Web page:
Iowa Institute of Human Genetics

Meet the Director

Smith, Richard

The Iowa Institute of Human Genetics (IIHG) is a statewide resource to promote clinical care, research, and education that focuses on the medical and scientific advances around the human genome. Established in early 2012, we seek to integrate activities in human genetics through multi-disciplinary research, education, and clinical care that is focused on the medical and scientific significance of variations in the human genome.

Richard Smith, MD, Director of the IIHG, is the Sterba Hearing Research Professor, Department of Otolaryngology- Head and Neck Surgery in the University of Iowa Roy J. and Lucille A. Carver College of Medicine. He is also Co-director, Iowa Center for Auditory Regeneration and Deafness, and Vice Chair, Department of Otolaryngology- Head and Neck Surgery.

Dr. Smith directs the Molecular Otolaryngology and Renal Research Laboratories (MORL). His clinical and research interests include complement-mediated renal diseases and deafness. With respect to the former, the MORL focuses on Dense Deposit Disease (DDD, also known as membranoproliferative glomerulonephritis type II, or MPGN II) and atypical Hemolytic Uremic Syndrome (aHUS). In the area of deafness, the MORL focuses on both syndromic and non-syndromic types of deafness. Ongoing research involves gene discovery, functional studies and gene therapy experiments using RNA interference to rescue deafness in mouse models of hearing loss.

The Clinical Diagnostics Division (CDD) of the MORL is CLIA approved and Joint Commission accredited to provide genetic testing of numerous complement genes in patients with DDD and aHUS. The MORL has also developed OtoSCOPE, which is used by the CDD to provide the first truly comprehensive genetic testing platform for hereditary hearing loss, Usher syndrome, and Pendred syndrome. To integrate genetic data with clinical data, the MORL maintains the largest DDD patient database in the world and the largest aHUS patient database in North America. Scientists in the MORL have also developed AudioGene to provide phenomic data on patients with hereditary hearing loss.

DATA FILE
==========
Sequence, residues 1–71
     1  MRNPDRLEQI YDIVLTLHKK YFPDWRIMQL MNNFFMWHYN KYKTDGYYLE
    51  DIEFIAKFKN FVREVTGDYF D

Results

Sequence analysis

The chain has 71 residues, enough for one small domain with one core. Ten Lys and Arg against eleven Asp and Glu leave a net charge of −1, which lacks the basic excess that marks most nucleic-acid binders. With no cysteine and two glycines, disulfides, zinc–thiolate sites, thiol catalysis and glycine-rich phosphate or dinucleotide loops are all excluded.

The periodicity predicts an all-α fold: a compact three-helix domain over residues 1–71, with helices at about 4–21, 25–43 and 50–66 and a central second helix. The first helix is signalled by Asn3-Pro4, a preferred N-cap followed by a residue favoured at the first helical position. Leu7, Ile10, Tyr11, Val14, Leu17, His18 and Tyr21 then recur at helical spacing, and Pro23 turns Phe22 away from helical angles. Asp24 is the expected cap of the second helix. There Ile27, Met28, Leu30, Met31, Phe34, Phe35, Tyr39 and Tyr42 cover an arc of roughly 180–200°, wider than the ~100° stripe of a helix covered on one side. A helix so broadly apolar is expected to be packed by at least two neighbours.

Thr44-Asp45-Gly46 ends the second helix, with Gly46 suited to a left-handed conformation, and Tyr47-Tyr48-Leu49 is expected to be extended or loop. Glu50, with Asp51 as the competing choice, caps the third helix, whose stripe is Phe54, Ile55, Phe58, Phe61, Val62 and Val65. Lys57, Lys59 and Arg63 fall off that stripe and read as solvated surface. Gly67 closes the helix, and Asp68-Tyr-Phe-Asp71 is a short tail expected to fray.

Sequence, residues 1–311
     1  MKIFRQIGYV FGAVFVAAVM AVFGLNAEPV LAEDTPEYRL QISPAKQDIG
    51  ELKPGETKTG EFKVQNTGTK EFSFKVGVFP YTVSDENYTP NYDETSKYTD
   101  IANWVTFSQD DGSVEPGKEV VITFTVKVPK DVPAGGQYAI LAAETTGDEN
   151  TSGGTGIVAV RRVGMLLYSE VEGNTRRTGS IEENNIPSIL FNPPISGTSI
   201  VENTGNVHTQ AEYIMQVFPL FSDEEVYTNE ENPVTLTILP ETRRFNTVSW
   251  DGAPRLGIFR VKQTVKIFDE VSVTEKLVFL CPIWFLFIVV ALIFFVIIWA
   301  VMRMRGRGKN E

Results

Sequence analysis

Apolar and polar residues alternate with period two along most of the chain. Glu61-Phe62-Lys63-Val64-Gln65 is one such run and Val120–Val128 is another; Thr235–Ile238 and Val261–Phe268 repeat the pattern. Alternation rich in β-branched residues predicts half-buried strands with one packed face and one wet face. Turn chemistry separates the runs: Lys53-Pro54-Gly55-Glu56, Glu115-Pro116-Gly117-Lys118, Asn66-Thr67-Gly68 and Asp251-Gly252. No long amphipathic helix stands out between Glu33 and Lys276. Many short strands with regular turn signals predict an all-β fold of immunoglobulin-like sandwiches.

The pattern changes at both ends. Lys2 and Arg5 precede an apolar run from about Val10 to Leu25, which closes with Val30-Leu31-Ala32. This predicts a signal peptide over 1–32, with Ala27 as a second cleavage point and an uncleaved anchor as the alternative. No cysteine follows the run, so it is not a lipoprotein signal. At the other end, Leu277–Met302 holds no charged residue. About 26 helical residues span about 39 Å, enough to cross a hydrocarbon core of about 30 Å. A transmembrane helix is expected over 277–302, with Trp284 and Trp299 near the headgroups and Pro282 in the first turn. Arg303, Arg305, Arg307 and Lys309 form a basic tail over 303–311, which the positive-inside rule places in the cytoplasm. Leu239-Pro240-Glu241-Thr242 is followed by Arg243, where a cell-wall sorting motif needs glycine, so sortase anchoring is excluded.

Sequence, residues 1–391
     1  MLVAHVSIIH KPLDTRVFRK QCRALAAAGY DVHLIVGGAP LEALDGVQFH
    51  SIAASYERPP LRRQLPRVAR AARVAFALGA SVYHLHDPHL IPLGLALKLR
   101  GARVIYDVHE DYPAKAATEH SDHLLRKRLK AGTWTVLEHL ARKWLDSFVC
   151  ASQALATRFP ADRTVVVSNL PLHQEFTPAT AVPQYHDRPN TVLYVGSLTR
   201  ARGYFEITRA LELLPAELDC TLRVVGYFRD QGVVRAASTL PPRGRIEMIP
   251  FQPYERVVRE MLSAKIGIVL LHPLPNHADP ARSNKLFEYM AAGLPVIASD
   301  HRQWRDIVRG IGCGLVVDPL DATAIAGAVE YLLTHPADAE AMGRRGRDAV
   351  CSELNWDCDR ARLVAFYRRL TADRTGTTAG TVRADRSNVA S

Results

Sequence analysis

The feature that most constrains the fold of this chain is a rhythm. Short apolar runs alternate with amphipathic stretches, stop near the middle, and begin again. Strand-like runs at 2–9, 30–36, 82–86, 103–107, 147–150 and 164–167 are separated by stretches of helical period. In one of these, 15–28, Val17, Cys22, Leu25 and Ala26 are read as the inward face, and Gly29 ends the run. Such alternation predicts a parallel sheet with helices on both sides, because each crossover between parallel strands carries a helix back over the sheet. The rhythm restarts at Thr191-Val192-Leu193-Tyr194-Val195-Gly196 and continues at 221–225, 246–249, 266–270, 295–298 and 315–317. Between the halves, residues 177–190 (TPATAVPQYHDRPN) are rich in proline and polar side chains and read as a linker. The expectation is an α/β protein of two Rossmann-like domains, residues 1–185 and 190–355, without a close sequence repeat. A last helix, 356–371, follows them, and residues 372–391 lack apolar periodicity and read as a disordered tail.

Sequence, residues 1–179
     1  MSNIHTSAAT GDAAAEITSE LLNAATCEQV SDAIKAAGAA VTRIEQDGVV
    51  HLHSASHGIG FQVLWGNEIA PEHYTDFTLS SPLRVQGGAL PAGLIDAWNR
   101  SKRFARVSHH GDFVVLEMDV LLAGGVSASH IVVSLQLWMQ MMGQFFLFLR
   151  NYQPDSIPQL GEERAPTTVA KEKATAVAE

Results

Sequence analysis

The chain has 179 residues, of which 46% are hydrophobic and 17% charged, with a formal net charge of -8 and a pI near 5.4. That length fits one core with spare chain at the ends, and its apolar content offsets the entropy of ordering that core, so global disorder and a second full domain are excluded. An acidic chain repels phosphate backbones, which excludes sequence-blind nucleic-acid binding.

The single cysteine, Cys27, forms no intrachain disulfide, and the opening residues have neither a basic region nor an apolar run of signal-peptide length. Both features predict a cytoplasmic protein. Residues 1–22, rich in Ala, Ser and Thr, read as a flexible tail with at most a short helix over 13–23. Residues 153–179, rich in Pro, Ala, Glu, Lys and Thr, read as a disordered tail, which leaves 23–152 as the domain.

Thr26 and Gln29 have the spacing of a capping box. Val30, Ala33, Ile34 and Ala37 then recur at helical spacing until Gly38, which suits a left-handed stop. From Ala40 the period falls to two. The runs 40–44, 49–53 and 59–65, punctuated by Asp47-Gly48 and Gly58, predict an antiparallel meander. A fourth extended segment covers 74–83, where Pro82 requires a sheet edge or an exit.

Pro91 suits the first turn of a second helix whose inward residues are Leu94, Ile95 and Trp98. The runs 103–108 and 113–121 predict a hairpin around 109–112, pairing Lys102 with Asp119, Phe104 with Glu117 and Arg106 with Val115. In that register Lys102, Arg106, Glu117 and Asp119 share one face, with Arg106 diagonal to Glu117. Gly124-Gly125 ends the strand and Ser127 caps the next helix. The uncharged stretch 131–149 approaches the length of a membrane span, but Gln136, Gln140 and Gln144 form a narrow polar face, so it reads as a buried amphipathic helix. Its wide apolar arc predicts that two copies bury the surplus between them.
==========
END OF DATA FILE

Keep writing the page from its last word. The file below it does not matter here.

A UI faculty member since 1990, Smith earned his medical degree at the Baylor College of Medicine in Houston in 1977. He completed an internship and general surgery residency at the University of Texas Health Science Center in Houston, followed by an otolaryngology residency at Baylor. Smith then completed a clinical fellowship in pediatric otolaryngology at the Hospital for Sick Children in London and a research sabbatical in murine genetics at the MRC Institute of Hearing Research in Nottingham, England. He is a member of the Institute of Medicine of the National Academies and the Association of American Physicians.